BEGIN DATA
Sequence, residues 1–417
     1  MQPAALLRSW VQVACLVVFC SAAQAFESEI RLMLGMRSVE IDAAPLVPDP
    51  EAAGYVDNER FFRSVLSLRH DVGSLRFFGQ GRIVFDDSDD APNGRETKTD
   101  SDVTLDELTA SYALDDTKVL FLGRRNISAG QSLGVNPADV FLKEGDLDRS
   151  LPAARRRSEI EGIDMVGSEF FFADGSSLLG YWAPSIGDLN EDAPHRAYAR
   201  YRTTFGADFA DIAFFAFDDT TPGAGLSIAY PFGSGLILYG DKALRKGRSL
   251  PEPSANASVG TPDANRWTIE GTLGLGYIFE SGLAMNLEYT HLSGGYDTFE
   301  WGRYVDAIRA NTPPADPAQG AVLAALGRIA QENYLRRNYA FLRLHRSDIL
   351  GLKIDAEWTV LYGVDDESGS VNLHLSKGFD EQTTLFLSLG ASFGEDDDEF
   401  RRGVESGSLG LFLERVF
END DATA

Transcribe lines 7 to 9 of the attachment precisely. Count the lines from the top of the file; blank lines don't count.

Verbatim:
   251  PEPSANASVG TPDANRWTIE GTLGLGYIFE SGLAMNLEYT HLSGGYDTFE
   301  WGRYVDAIRA NTPPADPAQG AVLAALGRIA QENYLRRNYA FLRLHRSDIL
   351  GLKIDAEWTV LYGVDDESGS VNLHLSKGFD EQTTLFLSLG ASFGEDDDEF